The primary outcome was to evaluate the effect of the addition of fentanyl and ketamine on propofol consumption (mg/kg/h).
Secondary outcomes were as follows:
  1. To evaluate the time to achieve a Post Anesthesia Discharge Score (PADS) of 10.

  2. To evaluate the hemodynamic profile and adverse effects in the three groups.

Materials and Methods

This was a randomized double-blind controlled study conducted in a tertiary center (CTRI/2016/11/007463). After obtaining Institutional Review Board approval, adult (18–60 years) consenting patients of American Society of Anesthesiologists physical status classification I/II and of either gender who were scheduled for abdominal EUS and FNAC by a single endoscopist were enrolled in the study. Patients who were allergic to propofol, those who were taking antipsychotic medications, and pregnant or lactating women were excluded from the study group. Patients were randomized using a computer-generated random sheet into three groups. All procedures were performed by a single endoscopist who was blinded to the groups. All patients were positioned in the left lateral position before sedation. Electrocardiogram, pulse oximetry, and noninvasive blood pressure were monitored, and oxygen at 4 L/min was supplemented using nasal prongs. All patients received 1 mg of intravenous midazolam 10 min prior to the procedure. In addition, patients in Group 1 received saline, those in Group 2 received 50 µg of fentanyl, and those in Group 3 received 0.5 mg/kg of ketamine [8] premixed with 0.02 mg of glycopyrrolate intravenously, 5 min prior to the procedure. All premedication was prepared in identical syringes. Normal saline was added to make up a total volume of 5 cc. Propofol was then administered intravenously and titrated to loss of verbal response, after which the endoscope was inserted. Sedation was maintained at Ramsay sedation scale 2 with an infusion of propofol at 50 µg/kg/min, which was titrated upward to a maximum dose of 150 µg/kg/min by the anesthesiologist as per the requirement. The sedation scale was checked by the response to verbal command and glabellar tap every 5 minutes. Hemodynamic parameters were monitored at 5-min intervals. Adverse events including desaturation (SpO2 < 95%), hypotension (mean blood pressure < 20% of baseline), and coughing were noted. Desaturation that could be managed by jaw thrust and suctioning was classified as minor, and cases requiring placement of an advanced airway were classified as major adverse events. Hypotension managed with 6 mg of intravenous ephedrine or a fluid bolus of 200 cc of plasmalyte was classified as a minor adverse event. Episodes of hypotension managed with noradrenaline infusion were classified as major adverse events. In addition, as certain studies have reported an increase in the occurrence of hiccups when endoscopic procedures are performed under sedation, we noted the incidence of hiccups in the three groups [9]. At the end of the procedure, total propofol consumption was recorded. The endoscopist was asked to rate operator feasibility as poor, average, or good. This was a subjective rating made by the single endoscopist for which no objective criteria were given. The rating was based on the quality of sedation and interruptions during the procedure for airway management and hiccups. Post procedure, patients were monitored in the recovery room every 15 min, and time to achieve a PADS of 10 was noted. At the time of discharge from the recovery room, patient feedback was obtained on recall of the procedure.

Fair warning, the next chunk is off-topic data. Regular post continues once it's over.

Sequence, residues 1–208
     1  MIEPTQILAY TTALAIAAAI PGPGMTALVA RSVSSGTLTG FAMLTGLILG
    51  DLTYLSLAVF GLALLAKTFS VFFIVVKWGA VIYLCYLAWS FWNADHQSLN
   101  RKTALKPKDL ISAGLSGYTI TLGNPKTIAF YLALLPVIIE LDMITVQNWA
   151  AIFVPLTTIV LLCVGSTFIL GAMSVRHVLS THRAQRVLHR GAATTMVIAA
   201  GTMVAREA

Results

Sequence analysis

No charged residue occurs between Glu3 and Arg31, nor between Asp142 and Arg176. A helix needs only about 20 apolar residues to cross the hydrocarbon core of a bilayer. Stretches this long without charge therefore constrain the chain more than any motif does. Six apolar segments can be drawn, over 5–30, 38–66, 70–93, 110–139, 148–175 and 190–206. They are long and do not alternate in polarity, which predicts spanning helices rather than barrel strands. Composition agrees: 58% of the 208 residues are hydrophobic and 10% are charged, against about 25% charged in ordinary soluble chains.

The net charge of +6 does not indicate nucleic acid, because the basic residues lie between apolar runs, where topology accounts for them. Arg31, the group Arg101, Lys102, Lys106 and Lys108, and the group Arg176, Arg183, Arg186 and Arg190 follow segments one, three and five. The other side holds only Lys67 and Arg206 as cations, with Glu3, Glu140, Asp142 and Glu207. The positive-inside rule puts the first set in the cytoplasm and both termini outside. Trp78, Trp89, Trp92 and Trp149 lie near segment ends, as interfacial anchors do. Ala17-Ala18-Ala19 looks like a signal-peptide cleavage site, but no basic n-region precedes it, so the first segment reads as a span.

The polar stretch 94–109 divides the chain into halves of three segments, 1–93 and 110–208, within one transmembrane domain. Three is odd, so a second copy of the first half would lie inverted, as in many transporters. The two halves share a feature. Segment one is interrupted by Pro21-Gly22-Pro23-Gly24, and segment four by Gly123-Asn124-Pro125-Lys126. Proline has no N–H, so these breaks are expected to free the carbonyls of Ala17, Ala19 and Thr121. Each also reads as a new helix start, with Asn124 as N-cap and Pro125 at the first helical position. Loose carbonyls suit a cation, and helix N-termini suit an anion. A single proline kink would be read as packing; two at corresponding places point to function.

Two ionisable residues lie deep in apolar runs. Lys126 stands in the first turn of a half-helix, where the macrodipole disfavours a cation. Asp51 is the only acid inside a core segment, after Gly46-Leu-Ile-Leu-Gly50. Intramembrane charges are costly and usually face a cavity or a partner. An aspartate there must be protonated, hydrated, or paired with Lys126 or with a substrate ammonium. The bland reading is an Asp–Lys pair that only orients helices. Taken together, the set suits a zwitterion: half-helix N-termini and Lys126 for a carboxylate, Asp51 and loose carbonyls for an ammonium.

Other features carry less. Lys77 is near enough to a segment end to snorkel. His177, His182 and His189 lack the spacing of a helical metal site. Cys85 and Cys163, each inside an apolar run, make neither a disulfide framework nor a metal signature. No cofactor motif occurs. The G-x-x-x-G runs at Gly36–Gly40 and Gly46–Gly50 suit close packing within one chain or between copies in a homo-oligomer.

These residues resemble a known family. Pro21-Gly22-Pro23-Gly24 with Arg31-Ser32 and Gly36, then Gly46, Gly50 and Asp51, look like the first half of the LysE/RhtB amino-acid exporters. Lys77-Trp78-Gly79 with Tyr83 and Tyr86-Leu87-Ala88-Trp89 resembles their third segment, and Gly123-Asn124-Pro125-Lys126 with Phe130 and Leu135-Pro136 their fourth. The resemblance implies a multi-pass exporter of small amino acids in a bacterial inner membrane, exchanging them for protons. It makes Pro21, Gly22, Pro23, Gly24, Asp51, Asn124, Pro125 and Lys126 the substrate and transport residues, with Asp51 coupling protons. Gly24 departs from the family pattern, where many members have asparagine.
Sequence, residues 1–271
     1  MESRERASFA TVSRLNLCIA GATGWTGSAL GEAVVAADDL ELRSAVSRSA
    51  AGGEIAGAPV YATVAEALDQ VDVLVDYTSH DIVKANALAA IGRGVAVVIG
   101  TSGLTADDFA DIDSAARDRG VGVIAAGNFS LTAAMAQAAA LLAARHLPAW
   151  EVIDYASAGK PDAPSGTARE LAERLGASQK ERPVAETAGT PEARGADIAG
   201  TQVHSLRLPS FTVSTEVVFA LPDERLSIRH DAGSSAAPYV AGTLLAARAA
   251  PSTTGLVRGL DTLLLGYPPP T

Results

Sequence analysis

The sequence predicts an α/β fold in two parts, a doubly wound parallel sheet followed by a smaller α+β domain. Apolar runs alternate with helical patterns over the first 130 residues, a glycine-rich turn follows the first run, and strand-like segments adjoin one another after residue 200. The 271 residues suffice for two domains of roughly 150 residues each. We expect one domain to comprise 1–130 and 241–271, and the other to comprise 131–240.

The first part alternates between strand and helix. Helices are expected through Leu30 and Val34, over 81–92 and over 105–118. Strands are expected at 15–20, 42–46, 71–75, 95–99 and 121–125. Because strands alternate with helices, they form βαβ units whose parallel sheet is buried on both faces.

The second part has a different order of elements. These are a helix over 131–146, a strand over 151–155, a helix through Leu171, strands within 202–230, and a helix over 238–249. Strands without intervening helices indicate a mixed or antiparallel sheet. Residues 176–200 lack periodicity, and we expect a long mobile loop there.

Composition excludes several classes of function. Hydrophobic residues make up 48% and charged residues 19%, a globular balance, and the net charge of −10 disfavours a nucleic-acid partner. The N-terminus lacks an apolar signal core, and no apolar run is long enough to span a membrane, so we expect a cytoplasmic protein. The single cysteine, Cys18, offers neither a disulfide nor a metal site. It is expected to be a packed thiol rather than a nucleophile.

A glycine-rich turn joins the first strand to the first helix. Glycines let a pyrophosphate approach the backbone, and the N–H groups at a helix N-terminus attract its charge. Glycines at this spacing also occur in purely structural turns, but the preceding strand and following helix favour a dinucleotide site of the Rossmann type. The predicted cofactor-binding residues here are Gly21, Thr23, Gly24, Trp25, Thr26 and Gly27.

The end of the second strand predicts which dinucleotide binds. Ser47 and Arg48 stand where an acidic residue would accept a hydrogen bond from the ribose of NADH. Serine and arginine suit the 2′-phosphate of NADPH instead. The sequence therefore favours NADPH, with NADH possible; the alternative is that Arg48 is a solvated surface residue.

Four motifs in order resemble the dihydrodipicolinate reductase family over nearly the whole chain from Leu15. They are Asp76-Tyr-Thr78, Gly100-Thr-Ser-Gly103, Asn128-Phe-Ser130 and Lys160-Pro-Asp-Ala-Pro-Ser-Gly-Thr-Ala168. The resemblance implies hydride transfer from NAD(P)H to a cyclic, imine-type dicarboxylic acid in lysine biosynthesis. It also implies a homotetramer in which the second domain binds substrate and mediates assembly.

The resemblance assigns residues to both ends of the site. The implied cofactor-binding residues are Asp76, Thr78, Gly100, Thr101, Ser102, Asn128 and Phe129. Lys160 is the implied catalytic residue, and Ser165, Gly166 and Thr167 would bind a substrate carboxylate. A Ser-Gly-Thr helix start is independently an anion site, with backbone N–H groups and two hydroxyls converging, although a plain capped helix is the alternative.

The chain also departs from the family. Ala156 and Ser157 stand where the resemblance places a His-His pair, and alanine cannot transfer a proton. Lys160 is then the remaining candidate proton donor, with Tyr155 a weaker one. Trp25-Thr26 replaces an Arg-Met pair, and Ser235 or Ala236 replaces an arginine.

Statistical analysis

Data were analyzed using IBM SPSS Statistic 20 (IBM Corp., Armonk, NY, USA). Descriptive statistics were presented as percent/proportion for discrete variables. Mean ± SD or median and interquartile range (IQR) were used for continuous variables. In inferential statistics, chi square was applied for discrete variables. For continuous normally distributed data, ANOVA was applied. The Kruskal-Wallis test was applied for non-normally distributed data. Intergroup analysis between two groups was performed using the Student's t test for parametric data and the Mann-Whitney test for non-parametric data. Thus, as the amount of propofol consumed was non-parametric, the Kruskal-Wallis test was used followed by the Mann-Whitney test for intergroup analysis. The time to achieve a PADS of 10 was parametric and was therefore analyzed using ANOVA followed by Student's t test. A P value of < 0.05 was considered to be significant.